About Us •  Advertising OpportunitiesContact Us

Harris-Mann Climatology Article Archive

Title: Record Mid-April Hard Freezes Kill Great Plains Wheat

Author: Climatologist Cliff Harris
Published: 4/16/2014

Last Tuesday, April 15, was the coldest “Tax Day” nationwide on record. Hard freezes extended as far south as northern Texas. Mid-April snows were seen throughout the Corn Belt states. Columbus, Ohio had nearly four inches of the white stuff on Tuesday, its heaviest snowfall ever for so late in the spring season. Traces of snow were reported in the Texas Panhandle, Arkansas and Tennessee. Even northern Louisiana had a few flakes. Detroit, Michigan set a seasonal snowfall record on Tuesday.

A hard freeze in the southern Great Plains on Tuesday produced temperatures between 21 and 24 degrees at Amarillo, Dalhart, Perry and Lubbock, Texas. Near Gage, Oklahoma, one rancher reported 18 degrees. Ponca City, Oklahoma dipped to a record low of 21 degrees for April 15.

In Kansas, the nation’s leading wheat producing state, already plagued by winterkill this harsh winter of 2013-14 that refuses to end and parching drought, there were reports of morning lows near 15 degrees both Monday and Tuesday. It was a frigid 13 degrees at Valentine, Nebraska.

Jointing wheat was damaged by the record cold early this past week in Kansas, Oklahoma and Texas, especially in those areas where the mercury plunged into the teens and lower 20s for several hours. Any wheat heading out can be at risk even at readings near 30 degrees. Fortunately, there was very little wheat heading out despite recent 90 degree temperatures in the southern Great Plains.

Up near the Canada/U.S. border, the ground is still solidly frozen and snow-covered. Temperatures dipped below zero in parts of Saskatchewan and Manitoba on Monday, April 14. The -4 degrees at Prince Albert, Saskatchewan was the 100th morning since last October with lows at zero or below, an all-time record for any winter season in modern times. Grand Forks, North Dakota had 97 days of zero readings this past winter, easily breaking the previous mark of 73 such bitterly cold mornings in 1978-79, when many climate scientists were predicting “a new Little Ice Age.”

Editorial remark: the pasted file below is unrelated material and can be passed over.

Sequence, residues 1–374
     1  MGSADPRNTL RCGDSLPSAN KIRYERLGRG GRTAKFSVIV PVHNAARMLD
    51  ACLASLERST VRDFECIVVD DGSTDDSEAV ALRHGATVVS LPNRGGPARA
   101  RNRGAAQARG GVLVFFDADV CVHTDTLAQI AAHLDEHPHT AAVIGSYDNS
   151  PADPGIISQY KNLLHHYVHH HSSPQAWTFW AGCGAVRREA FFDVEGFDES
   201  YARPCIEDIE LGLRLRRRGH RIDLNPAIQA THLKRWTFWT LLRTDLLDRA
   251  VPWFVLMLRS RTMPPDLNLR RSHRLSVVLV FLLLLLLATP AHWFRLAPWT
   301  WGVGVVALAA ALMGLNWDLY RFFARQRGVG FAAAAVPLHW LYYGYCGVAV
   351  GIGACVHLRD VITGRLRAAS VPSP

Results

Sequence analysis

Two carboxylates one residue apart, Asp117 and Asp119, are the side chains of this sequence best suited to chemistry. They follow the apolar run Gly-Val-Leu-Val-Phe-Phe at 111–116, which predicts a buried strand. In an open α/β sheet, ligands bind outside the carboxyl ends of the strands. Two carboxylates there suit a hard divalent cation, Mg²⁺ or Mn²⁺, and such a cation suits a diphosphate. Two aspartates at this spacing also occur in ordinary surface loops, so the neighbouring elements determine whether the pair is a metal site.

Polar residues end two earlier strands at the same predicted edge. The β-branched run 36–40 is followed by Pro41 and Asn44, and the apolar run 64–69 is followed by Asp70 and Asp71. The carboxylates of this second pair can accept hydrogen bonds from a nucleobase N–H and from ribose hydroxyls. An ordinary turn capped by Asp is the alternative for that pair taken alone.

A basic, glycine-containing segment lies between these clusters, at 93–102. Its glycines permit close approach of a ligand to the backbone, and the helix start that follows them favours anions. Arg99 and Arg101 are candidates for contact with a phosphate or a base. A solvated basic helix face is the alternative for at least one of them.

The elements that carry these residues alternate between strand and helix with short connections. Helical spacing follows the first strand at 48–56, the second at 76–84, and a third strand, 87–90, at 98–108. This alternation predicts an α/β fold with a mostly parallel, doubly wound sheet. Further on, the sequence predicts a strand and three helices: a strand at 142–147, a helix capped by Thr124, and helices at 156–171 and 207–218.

Some of our Harris-Mann farmer clients in the Dakotas, Minnesota and the Prairie Provinces of Canada may not be able to plant their 2014 crops until at least mid to late May or even early June in some cases. This means that an early frost in late August or early September would be devastating. Many farmers in the North Country may be forced into “preventive planting” by the exceptionally frigid weather conditions this winter and early spring.

Things aren’t much better weatherwise in the Corn Belt states. It was 13 degrees on “Tax Day,” April 15, at Spencer, Iowa, the coldest morning there ever recorded for so late in the season. Mason City, Iowa had 17 degrees on Tuesday. Scotts Bluff, Nebraska plunged to 15 degrees. Marquette, Michigan had a record low of 6 degrees. It was 5 degrees at International Falls, Minnesota. It was 10 degrees at Hibbing and 17 degrees at Minneapolis and Redwood Falls, Minnesota.

Other record lows reported on Tuesday included; Kirksville, Missouri and Mansfield, Ohio each with 21 degrees. It was 22 degrees at Toledo, Ohio and Moline, Illinois. Cleveland had 23 degrees. It was 24 degrees at Indianapolis, Chicago and Bristol, Tennessee. St. Louis reported 28 degrees and heavy frost. Memphis, Tennessee dipped to a record low of 30 degrees on April 16.

By extreme contrast, we’ve recently seen record warmth above the century mark in the Desert Southwest with moisture-sapping 90s in Southern California. The most severe drought in modern times lives on. There is at least a 70% chance that this huge drought pattern will push through the Midwest all the way to the western slopes of the Appalachians by July or August. (One can view our predictions for this summer nationwide and locally in North Idaho by going to YouTube and searching for Cliff Harris, Climatologist, or go to www.LongRangeWeather.com. A large 4,500 year temperature trend chart is likewise available on YouTube.)